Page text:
Following the 2015 terrorist shooting in San Bernardino, California, the FBI found itself unable to access a passcode protected iPhone 5c belonging to one of the shooters. Subsequently, the FBI asked Apple to create a custom version of iOS that would enable the bureau to enter in an endless number of passcode guesses, a request Apple outright refused.
Flash forward a few years, and the dynamics surrounding iPhone security have shifted dramatically. These days, most iPhones in use aren’t protected by a passcode, but by a fingerprint. Of course, with the introduction of Face ID last year, it won’t be long before most iPhones are protected by an individual’s face. In the interim, though, the vast majority of iPhones today are secured by Touch ID, a fact which, interestingly enough, has made it easier for law enforcement authorities to access a device belonging to a criminal or suspect who has died.
According a new report in Forbes, police and law enforcement officials have started accessing ostensibly locked devices with the fingerprints of dead owners.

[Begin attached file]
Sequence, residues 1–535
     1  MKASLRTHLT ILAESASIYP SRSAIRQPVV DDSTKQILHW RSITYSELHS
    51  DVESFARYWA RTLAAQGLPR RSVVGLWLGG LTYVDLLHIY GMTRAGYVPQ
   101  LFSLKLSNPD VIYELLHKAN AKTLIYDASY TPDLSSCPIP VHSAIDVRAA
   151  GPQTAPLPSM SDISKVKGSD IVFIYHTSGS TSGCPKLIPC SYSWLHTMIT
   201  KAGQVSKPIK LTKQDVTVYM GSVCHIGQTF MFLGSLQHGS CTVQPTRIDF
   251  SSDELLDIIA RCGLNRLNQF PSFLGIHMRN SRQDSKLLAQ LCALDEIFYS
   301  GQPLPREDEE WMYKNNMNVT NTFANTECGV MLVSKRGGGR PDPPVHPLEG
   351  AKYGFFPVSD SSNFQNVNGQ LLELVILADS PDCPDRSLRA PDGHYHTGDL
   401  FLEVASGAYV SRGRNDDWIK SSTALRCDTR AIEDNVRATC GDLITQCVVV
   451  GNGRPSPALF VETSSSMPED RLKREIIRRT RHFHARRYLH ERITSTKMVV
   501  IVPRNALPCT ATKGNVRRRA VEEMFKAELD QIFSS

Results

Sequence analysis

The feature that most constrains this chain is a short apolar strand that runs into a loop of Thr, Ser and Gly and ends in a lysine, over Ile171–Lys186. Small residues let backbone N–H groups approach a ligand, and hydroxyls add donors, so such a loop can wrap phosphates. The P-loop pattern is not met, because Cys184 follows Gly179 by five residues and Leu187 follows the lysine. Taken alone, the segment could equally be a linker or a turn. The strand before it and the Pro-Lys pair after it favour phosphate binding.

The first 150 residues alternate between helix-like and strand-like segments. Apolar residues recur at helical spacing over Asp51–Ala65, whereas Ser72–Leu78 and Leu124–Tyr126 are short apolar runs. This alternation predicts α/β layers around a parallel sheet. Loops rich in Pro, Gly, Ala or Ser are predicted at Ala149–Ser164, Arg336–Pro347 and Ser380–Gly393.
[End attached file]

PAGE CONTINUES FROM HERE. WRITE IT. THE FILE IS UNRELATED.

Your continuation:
Separate sources close to local and federal police investigations in New York and Ohio, who asked to remain anonymous as they weren’t authorized to speak on record, said it was now relatively common for fingerprints of the deceased to be depressed on the scanner of Apple iPhones, devices which have been wrapped up in increasingly powerful encryption over recent years. For instance, the technique has been used in overdose cases, said one source. In such instances, the victim’s phone could contain information leading directly to the dealer.
As for any legal hurdles which might prevent law enforcement from placing the finger of a dead individual on an iPhone, legal authorities claim that the dead do not enjoy a right to privacy. In other words, a search warrant to access the device of a deceased individual is not needed, though the ethical considerations of such a practice are reportedly a topic of fierce debate.